Is Camelot the Next High Chaparral?
Tara Madgwick - Wednesday July 11
You would have to have been living under a stone to have missed the burgeoning success of exciting young 'classic' type sire Camelot (GB) in recent weeks, which got us thinking about his rising three year-olds in Australia and one in particular that stood out at the Rosehill trials on Monday morning.

CamelotPrecocious enough to win the Group I Doncaster Racing Post Trophy at two, classy and brilliant enough to win the Group I Newmarket Two Thousand Guineas at three, Camelot then settled into his comfort zone to win the Epsom and Irish Derbies and retired to Coolmore as the horse most likely to continue the success of his mighty sire Montjeu, who died in 2012.

Camelot might have been a hard sell for Coolmore in Australia at his only season at Jerry's Plains at 2014 (he covered 104 mares at $22,000), but in Europe he's been given good opportunity and has grabbed the bit in no uncertain terms.

With his oldest Northern Hemisphere bred progeny just three year-olds, Camelot has produced nine stakes-winners, six of them Group winners headed by his Group I winners Latrobe (Irish Derby) and Athena (Belmont Oaks). Camelot is the leading second crop sire in Europe and has put himself up there with some of the best sires in the world on the leading European 3YO Sires List as below courtesy of Racing Post.



Results like that will have Australian breeders wondering whether Camelot might be the next High Chaparral? A high class Sadler's Wells line horse that works in Australasia.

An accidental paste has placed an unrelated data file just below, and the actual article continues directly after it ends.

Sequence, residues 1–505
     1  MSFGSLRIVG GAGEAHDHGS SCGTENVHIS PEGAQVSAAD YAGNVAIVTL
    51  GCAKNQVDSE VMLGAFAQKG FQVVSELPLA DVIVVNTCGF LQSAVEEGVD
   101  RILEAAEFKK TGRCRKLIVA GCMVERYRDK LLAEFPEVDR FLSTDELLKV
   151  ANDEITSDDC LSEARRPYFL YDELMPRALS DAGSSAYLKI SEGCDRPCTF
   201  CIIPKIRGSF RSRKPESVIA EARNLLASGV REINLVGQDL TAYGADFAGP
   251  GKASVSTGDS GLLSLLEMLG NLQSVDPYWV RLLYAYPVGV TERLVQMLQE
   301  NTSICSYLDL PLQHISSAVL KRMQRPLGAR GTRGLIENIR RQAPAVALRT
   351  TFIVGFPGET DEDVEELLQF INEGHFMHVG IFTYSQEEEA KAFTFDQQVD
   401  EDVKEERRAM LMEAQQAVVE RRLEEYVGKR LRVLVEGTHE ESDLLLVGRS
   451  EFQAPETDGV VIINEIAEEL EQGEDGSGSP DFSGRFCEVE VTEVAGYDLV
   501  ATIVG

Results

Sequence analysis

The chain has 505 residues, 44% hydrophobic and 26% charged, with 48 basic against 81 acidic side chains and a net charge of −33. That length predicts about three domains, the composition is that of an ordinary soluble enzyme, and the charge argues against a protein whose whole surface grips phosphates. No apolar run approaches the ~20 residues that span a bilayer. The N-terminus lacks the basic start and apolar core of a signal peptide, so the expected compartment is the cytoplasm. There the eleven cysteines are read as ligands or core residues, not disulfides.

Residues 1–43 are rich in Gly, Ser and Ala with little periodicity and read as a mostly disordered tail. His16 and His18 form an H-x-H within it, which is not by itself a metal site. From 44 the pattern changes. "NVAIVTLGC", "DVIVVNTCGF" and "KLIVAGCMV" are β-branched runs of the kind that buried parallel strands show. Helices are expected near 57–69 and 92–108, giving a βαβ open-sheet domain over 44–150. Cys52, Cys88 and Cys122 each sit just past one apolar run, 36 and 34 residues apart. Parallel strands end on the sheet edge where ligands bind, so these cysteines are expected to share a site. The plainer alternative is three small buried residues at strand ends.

The next 12 months will hold the answer to that question as we see the Australian bred Camelot offspring go forward as three year-olds and one of them, a filly called Re Edit caught my eye at the Rosehill trials on Monday morning.

Re Edit as a yearlingTrained by Chris Waller for Katsumi Yoshida, she was the most expensive Camelot yearling sold in 2017 when fetching $340,000 for Arrowfield Stud at the Inglis Australian Easter Yearling Sale.

Ridden by James McDonald she showed enough pace to take a position behind the leader and completed the 904 metre trial under her own steam to be a comfortable second.

Re Edit is a half-sister to Group III placed Teodora and is from Group III place So Divine, a full sister to High Chaparral's dual Group I winner Monaco Consul.

It's a pedigree that screams Oaks filly and her close up (3 x 3) double cross of Sadler's Wells is not dissimilar to that of 2017 European Horse of the Year Enable.

If her ability matches her page, she's in the right stable as Chris Waller has shown a real knack for getting the best out of staying fillies, so mark down Re Edit as a horse to follow in 2019.